I would concur that this is a viable solution to the problem. In my particular instance, its not practical to use a full text index, but this would be another way to get around the quirk in SQL Server it seems I've discovered. –  Steve Wranovsky Aug 17 '10 at 14:29

I'm having trouble finding the documentation to verify this, but IIRC, COUNT(*) does a full table scan in MS SQL (as opposed to using a cached value). If you run it against a column which cannot be null and/or has an index defined, I believe (again, still can't find docs to confirm, so I could be off base here) that will be faster.

What happens when you modify the query to something like:

SELECT COUNT(id) FROM Study WHERE Study.PatientsName Like @StudyPatientsName


SELECT COUNT(PatientsName) FROM Study 
WHERE Study.PatientsName 
LIKE @StudyPatientsName
share|improve this answer
I tried a query select count(Guid) and select count(PatientsName) and in both cases, the queries were slow. I also tries just a select * from Study with the same where clause, and it also took roughly the same amount of time to execute. –  Steve Wranovsky Aug 16 '10 at 17:13

If all else fails you could try

SELECT COUNT(*) FROM Study WITH(INDEX(0)) WHERE Study.PatientsName like @StudyPatientsName

Perhaps you could wrap it in an IF

IF substring(@StudyPatientsName, 1, 1) = '%'
    SELECT COUNT(*) FROM Study WITH(INDEX(0)) WHERE Study.PatientsName like @StudyPatientsName
    SELECT COUNT(*) FROM Study WHERE Study.PatientsName like @StudyPatientsName

Edit: As martin pointed out, for this specific query this is probably not the best way to do it since an index scan of the existing index is likely faster. It might be applicable in similar situations, though.

share|improve this answer
I agree that making a special case for leading wildcards would be a good idea. I don't think the index hint would make any difference though. The issue is that it uses the correct index but in an inefficient way that seems to add to the amount of I/O. To reproduce try set statistics io on declare @StudyPatientsName nvarchar(64) set @StudyPatientsName= '%%' SELECT COUNT(*) FROM master.dbo.spt_values WHERE type like @StudyPatientsName then compare plan and I/0 with WHERE type+'' like @StudyPatientsName –  Martin Smith Aug 17 '10 at 13:40
According to the docs, INDEX(0) will force a table/clustered index scan (not seek). I doubt you can do better than this. The problem is that there is no way to use an index to do a LIKE with a leading wildcard. –  erikkallen Aug 17 '10 at 13:48
My answer does better than this! The nonclustered index IX_Study_PatientsName should completely cover this query so that's the one that needs to be scanned. This will presumably be a lot narrower as it only contains the name column and a scan of it will involve a lot less I/O. –  Martin Smith Aug 17 '10 at 13:54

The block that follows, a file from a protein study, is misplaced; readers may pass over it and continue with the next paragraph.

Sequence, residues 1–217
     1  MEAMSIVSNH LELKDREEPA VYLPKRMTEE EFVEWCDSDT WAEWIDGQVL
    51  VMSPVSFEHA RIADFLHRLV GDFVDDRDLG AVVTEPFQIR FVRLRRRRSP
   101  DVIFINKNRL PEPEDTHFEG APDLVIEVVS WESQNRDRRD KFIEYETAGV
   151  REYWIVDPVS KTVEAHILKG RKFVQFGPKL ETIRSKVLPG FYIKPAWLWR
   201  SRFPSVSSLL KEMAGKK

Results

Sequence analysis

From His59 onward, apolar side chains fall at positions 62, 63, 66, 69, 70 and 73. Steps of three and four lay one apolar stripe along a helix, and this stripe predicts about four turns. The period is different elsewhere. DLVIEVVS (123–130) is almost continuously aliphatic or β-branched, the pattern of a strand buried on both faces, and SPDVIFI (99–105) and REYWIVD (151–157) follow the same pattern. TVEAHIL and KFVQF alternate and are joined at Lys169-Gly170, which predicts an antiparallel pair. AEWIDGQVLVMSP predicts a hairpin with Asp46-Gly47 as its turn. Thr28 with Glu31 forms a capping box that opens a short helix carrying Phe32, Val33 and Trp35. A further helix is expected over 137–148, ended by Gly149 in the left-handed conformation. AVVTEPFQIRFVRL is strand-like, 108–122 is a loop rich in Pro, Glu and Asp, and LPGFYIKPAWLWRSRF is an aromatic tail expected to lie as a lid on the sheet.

@Martin: You are right. I'll let the answer stand with this remark, though. –  erikkallen Aug 17 '10 at 14:46

Maybe you can try this:

declare @StudyPatientsName nvarchar(64)
set @StudyPatientsName= 'Jones'

select count(*) 
from Study 
where Study.PatientsName like '%' + @StudyPatientsName + '%'

you can also add with(nolock) and it might help:

select count(*) 
from Study  with(nolock)
where Study.PatientsName like '%' + @StudyPatientsName + '%'
share|improve this answer
No, don't ever use WITH(NOLOCK) as a generic solution to "there is a problem with performance but I don't know what it is" problem. –  erikkallen Aug 16 '10 at 19:44
with(nolock) helps speed up the query, and it's not a bad thing as long as you're aware of you data. Whether it is fine to use with(nolock) or data is too critical and can't use with "with(nolock)". why would you even down voted my answer? although, it's a possible solution to his or other's issue. –  koderoid Aug 16 '10 at 19:46
Becasue it is a bad thing many times. You are getting dirty data. This is a critical bug in many systems so it should not be a recommended answer as a general solution. –  HLGEM Aug 16 '10 at 20:25
and the person doing the asking is not the only consumer of the answer. –  HLGEM Aug 16 '10 at 21:35
I downvoted it for the exact reason in my first comment: You are suggesting with(nolock) as a generic performance problem solver. It is, however, obvious to anyone who knows query plans that the issue is that the optimizer chooses an index seek + bookmark lookup when a clustered index scan would be better. Therefore, your answer doesn't help the OP, and it is outright dangerous if someone googles this question and blindly applies your "solution". –  erikkallen Aug 17 '10 at 13:19